Is it Time to Wrangle Your Team’s Life-sucking Meetings?

Is it Time to Wrangle Your Team’s Life-sucking Meetings?

Over the weekend, I was having coffee on the deck with our friends, Paul and Olive. We were discussing the week ahead.

“I have nothing but meetings lined up next week,” Paul said. “I hate meetings. People show up late. Nothing ever gets done. Decisions aren’t made. And no one does what they’re supposed to do. And all of that just means that we’re going to have the same meetings next week and the week after that. It never ends.”

Paul’s not alone. Meetings can suck the life right out of you.

I was in a separate conversation not too long ago with a client. Because of some recent remote hiring, they were laying the framework for moving almost exclusively to virtual team meetings. The client said, “It’s as if we need to learn new etiquette for showing up to the meeting. In terms of meeting virtually, should the way we work together be any different than meeting in person?”

My answer was, “No. Not really.” Sure, the mechanics of meeting virtually are different, but the same rules of engagement should apply.

The challenge is that we’ve become so messy with our in-person meetings that we’ve forgotten about common courtesy and how to lead and participate in a way that gets business done.

It’s Not Just the Meeting Facilitator’s Responsibility

Most advice for effective business meetings is focused on meeting facilitators. We think it’s time that everyone is aware of how to run meetings AND attend them. We’ll even take it one step further and say that it ultimately lands on business leaders – all the way up the corporate ladder – to set enterprise-wide expectations.

If we look to our friends at The Emily Post Institute, THE authority on all things etiquette, they say that all manners rest on “fundamental principles: respect, consideration, and honesty.”

That’s a pretty good set of principles for leading and attending meetings. Building off of their definition of etiquette, here are Turpin’s recommendations for wrangling business meetings. We break it down into three groups: Attendees, Facilitators, and Business Leaders.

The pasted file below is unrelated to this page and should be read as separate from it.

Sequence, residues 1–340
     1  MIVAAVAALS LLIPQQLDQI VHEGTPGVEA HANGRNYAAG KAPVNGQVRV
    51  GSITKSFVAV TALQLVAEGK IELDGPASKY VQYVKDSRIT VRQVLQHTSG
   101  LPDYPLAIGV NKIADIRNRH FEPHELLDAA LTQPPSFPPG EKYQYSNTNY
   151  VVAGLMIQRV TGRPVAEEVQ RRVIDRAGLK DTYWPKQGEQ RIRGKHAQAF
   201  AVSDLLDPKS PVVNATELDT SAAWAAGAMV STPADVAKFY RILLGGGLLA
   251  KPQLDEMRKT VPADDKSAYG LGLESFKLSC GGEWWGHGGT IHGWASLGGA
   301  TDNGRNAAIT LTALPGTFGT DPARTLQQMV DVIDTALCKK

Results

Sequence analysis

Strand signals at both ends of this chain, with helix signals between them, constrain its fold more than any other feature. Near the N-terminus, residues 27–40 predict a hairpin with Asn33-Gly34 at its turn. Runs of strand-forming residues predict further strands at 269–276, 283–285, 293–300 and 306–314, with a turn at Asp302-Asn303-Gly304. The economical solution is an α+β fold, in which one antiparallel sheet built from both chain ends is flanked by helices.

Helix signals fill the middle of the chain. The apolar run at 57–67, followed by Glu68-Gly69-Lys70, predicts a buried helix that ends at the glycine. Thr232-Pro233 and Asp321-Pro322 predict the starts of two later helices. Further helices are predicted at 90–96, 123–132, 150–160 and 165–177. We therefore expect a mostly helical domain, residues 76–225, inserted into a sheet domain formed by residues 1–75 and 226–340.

All Attendees
Show respect for your fellow attendees and for the work you’re there to accomplish:

  • Arrive on time and be prepared to participate fully.
  • Silence your devices and put them down. Seriously. Just. Do. It.
  • Listen intently… always.
  • Be courteous and helpful.
  • Speak up when appropriate to do so, and don’t be the one who talks just for talking’s sake.
  • Take notes. You’re busy and forgetful. You might need notes later, and even if you don’t, the act of writing them down helps keep you engaged.
  • Avoid sidebars that distract from the meeting’s intention.

Meeting Leaders and Facilitators
Create the conditions for a fruitful conversation and for decision-making:

  • Prepare an agenda and use it as your map for the conversation.
  • Greet meeting attendees as they enter the room (or log in virtually).
  • Encourage attendees’ participation without losing sight of the group and the goals of the meeting.
  • Keep an eye on the clock, and do not run over unless the situation REALLY warrants it.
  • Keep an ongoing list of decisions and assign tasks with dates as you go along. Be sure to communicate these afterward and set expectations for completion.

Business Managers and Leaders
Model effective meeting behavior yourself and set expectations enterprise-wide, or at least with your team:

  • If you’re lucky to start from scratch, set expectations early.
  • If you’re inheriting a dysfunctional meeting culture, try your best to level-set by setting expectations early and often.
  • Have the team create a meeting rule book and use it when you have to course-correct.
  • Place value on well-run meetings.
  • Place value on respectful meeting behaviors.

The Time is Now

Meetings don’t have to suck, and improving them requires the active and thoughtful participation of all attendees. As a leader, it starts with you. Your business needs you. Download this handy tool: Ground Rules for Effective Meetings to help you set new expectations for your team.

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